4. Evolution doesn’t care about accuracy, only fitness. So don’t get hung up on accuracy, strive for effectiveness.
  5. Prize understanding people over measuring things. Remember to factor in unconscious motivations as well as post-rationalizations to get a better handle on people’s behaviors, which shape attitudes and not the other way around.
How do animals attract mates and ward off rivals? They signal vitality in ways that cost them physically. Guess what? Consumers do it, too.

Spreadsheets Leave No Room for Miracles

Released today: episode #23 of “Dan Hill’s EQ Spotlight,” featuring Rory Sutherland, the author of Alchemy: The Dark Art and Curious Science of Creating Magic in Brands, Business, and Life. Listen to the clip below and click on the image to get to the new episode.

Rory Sutherland is the Vice Chairman of Ogilvy, a legendary advertising agency. He’s a columnist for The Spectator and a former president of the Institute of Practitioners in Advertising (the IPA). His TED Talks have been viewed over 6.5 million times. This episode covers lots of ground, including how important it is to not use logic as a filter, limiting your ability to notice the quirky patterns in people’s behaviors.

How Do Animals and People Handle Threats?

We’re in the stretch drive now of the 2020 presidential race, and from the debates to other staged events what might we learn from animal nature that applies to human nature? Plenty. Do any of these survival techniques remind you of what happens among candidates and in office politics, too:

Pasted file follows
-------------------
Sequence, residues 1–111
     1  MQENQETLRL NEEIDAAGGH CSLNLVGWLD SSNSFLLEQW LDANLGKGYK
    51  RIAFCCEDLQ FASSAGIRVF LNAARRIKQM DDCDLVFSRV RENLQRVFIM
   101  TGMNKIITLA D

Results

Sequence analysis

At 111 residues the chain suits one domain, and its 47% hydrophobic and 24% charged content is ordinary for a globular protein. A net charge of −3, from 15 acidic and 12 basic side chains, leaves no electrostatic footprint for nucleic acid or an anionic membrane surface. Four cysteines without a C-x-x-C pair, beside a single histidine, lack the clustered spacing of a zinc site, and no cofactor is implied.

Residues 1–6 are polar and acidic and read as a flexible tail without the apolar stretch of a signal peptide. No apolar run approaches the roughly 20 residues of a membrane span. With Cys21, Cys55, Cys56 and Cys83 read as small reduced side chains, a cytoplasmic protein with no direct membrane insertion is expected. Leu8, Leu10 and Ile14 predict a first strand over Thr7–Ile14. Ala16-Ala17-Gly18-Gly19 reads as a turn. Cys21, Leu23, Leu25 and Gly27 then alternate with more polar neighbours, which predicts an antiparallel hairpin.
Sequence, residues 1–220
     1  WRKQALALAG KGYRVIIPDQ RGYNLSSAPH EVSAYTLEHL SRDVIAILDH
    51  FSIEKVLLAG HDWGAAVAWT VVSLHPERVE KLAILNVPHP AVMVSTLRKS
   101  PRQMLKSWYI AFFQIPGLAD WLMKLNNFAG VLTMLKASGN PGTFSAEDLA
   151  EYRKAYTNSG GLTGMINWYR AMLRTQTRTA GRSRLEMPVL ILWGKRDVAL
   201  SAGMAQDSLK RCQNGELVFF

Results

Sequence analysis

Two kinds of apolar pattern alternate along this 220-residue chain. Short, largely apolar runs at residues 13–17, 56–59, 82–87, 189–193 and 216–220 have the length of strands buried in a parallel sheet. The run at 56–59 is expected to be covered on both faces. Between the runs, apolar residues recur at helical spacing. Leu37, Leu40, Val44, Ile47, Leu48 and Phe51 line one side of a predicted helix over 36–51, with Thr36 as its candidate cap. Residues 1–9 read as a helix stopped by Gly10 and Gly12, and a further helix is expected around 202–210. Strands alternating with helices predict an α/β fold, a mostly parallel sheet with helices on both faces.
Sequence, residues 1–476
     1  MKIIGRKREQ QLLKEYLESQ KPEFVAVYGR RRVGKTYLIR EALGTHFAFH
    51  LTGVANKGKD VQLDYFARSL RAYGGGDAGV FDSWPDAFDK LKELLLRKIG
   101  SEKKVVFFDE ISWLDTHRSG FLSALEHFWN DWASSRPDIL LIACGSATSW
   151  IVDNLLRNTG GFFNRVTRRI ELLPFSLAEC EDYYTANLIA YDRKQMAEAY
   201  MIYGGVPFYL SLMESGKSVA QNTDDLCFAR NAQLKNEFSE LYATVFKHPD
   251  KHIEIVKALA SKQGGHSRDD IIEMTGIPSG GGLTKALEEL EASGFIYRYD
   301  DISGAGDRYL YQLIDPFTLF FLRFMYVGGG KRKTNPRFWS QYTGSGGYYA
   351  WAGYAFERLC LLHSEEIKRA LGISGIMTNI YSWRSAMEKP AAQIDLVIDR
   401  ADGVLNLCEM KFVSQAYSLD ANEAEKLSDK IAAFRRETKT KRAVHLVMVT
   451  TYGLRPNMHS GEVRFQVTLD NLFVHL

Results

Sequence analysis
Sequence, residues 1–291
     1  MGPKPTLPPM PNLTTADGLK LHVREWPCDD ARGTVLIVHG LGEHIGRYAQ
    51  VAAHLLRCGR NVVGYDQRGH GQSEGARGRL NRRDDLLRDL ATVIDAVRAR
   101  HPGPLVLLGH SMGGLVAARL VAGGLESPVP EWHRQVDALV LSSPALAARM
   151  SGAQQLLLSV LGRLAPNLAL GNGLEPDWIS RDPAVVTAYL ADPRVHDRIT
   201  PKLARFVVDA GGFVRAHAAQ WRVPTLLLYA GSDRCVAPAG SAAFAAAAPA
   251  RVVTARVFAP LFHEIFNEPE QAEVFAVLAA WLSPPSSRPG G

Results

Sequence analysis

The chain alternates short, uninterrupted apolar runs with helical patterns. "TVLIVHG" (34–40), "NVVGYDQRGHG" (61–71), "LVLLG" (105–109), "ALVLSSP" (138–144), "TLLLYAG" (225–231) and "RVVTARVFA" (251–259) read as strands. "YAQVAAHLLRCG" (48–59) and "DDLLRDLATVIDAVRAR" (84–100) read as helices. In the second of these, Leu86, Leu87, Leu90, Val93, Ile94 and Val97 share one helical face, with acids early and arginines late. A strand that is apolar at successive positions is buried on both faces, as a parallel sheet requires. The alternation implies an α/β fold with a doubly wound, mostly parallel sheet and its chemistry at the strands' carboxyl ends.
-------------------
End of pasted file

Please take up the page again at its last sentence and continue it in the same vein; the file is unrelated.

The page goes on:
• Exaggerating one’s ferocity (growling, baring teeth literally or figuratively);
  • Puffing up one’s capability or accomplishments (to intimidate others);
  • Being or bluffing about being poisonous (therefore all the harder to conquer and absorb);
  • Engaging in deception (through camouflaging or mimicry of a more powerful ally); and finally
  • Being colorful, bright and intense (verbally or physically) to achieve social dominance.

Never forget that evolution sadly isn’t worried about theoretical questions of right and wrong. What works, wins, and winners-take-all wasn’t invented yesterday.

Animals do it, people do it, and in this case I don’t mean “fall in love.” There are five key
tricks of the trade to coming out on top in office politics.

Or Else: The Use & Abuse of Threats

Released today: episode #22 of “Dan Hill’s EQ Spotlight,” featuring David Barash, the author of Threats: Intimidation and Its Discontents. Listen to the clip below and click on the image to get to the new episode.

Barash is a research scientist and author who spent 43 years as a professor of psychology at the University of Washington, Seattle. He’s written over 240 scientific papers, written or co-written 41 books, and been named a Fellow of the American Association for the Advancement of Science. This episode covers three key areas: the natural world, individuals and society, and international affairs.

Dan Hill, PhD, is the president of Sensory Logic, Inc.